ZH: After your solid career at Oklahoma State, you were awarded with an invitation to the Senior Bowl. How was that whole week for you on and off the field?
AG: It was a great experience for me and I’m just thankful for the opportunity. The situations we were put in at the Senior Bowl were situations I felt like I would do well in like one on ones, team, and things like that so I felt like I had a good week there. Off the field, it was hectic. Coaches pulling at you to talk to you, interviews with GMs, and trying to learn the play book over those couple days was all tough. I feel like I did pretty well adjusting and showed that I’m a fast learner who is ready for this opportunity.
ZH: Let’s jump into some film talk now. To start, how would you describe your defense at Oklahoma State? Like what coverage did you primarily play there?
AG: We were a man defense. A majority of the time we were a 3-3 stack and our philosophy was to get after the quarterback. We were the aggressor most of the time because our corners were left on islands most of the time and we were blitzing to rush the quarterback.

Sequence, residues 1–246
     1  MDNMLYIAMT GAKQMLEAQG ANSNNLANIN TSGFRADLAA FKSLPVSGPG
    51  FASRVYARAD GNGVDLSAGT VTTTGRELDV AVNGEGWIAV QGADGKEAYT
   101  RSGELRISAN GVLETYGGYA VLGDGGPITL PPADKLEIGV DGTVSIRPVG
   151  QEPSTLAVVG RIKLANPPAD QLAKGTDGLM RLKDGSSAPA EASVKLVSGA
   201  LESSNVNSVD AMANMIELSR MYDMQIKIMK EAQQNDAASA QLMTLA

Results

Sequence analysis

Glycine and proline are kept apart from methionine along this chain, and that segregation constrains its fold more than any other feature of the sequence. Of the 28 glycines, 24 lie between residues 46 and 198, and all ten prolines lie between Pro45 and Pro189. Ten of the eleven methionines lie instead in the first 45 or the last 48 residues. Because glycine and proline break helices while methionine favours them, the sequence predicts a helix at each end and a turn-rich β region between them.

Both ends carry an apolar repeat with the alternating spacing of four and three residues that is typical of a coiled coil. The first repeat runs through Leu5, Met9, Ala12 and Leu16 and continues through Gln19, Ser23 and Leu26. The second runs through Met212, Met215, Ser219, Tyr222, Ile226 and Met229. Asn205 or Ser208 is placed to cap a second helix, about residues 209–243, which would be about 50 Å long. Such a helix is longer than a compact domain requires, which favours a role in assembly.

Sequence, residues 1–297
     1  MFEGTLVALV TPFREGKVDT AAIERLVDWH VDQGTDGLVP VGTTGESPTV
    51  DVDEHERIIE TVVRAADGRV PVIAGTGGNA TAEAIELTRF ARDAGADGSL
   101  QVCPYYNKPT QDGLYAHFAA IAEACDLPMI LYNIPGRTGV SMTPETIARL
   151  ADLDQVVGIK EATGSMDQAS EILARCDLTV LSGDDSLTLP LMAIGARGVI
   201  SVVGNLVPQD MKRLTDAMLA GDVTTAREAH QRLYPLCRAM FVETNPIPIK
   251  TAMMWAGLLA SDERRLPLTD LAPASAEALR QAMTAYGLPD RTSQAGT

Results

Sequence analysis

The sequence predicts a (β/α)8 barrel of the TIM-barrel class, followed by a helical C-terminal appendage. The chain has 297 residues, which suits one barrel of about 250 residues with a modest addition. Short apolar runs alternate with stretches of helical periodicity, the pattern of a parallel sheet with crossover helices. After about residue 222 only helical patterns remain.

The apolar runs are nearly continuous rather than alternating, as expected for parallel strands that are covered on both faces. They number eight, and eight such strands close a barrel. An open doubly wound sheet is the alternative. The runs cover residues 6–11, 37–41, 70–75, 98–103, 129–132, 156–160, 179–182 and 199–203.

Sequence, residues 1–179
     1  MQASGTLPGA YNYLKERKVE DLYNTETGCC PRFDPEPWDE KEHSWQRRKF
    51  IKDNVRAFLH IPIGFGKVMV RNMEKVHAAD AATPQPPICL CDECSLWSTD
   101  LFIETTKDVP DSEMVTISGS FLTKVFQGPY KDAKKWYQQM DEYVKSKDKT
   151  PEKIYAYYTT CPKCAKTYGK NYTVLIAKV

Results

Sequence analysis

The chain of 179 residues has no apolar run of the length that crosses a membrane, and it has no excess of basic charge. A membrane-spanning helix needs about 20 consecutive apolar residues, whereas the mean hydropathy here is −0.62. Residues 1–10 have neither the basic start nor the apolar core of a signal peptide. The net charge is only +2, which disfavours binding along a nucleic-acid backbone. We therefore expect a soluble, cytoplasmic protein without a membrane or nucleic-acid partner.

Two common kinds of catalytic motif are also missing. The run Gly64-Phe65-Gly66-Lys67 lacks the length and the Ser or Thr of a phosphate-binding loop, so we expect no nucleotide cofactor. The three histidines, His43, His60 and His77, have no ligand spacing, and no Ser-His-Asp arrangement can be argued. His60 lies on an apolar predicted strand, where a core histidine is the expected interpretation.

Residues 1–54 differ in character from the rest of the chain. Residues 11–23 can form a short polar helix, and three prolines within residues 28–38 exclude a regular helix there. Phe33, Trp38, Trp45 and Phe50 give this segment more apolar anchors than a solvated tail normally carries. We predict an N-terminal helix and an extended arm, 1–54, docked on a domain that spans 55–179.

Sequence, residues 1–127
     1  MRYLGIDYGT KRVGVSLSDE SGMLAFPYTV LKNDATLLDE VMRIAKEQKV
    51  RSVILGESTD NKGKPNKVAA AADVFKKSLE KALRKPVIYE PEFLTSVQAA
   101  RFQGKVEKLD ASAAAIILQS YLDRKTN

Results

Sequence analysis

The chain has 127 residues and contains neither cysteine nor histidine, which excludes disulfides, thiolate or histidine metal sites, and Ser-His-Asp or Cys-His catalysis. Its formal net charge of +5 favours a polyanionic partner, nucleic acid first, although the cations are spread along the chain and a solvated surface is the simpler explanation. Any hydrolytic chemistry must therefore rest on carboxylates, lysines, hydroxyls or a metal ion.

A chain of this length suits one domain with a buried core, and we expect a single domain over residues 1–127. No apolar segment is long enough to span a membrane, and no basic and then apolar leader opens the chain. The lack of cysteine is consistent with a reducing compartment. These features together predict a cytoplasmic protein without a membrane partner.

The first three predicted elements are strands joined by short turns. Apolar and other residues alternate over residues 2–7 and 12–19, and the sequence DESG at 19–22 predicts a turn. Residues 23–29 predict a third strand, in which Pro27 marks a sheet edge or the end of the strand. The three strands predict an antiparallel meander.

ZH: How would you say that type of defense fit your personal skill set?
AG: I feel like I fit pretty well. Whether we were pressing or playing off man, that is kind of my strong suit just playing man and taking players away. We did lots of disguising too off of that and we would roll from man to cover 3 or from cover 3 to cover 4 and what not. Our man scheme of getting after the quarterback would be disguised throughout the game and that played well to my strengths.
ZH: You are a very intriguing press corner and that is where you had your best film. What press technique do you personally prefer?
AG: I’ve been trained to know all the press techniques and they are all in my arsenal. Most the time, though, it would depend on the week leading up to the game. I would watch receivers the week before and see which press techniques he struggles with and what he likes to go against so I can kind of switch it up from game to game depending on the match up.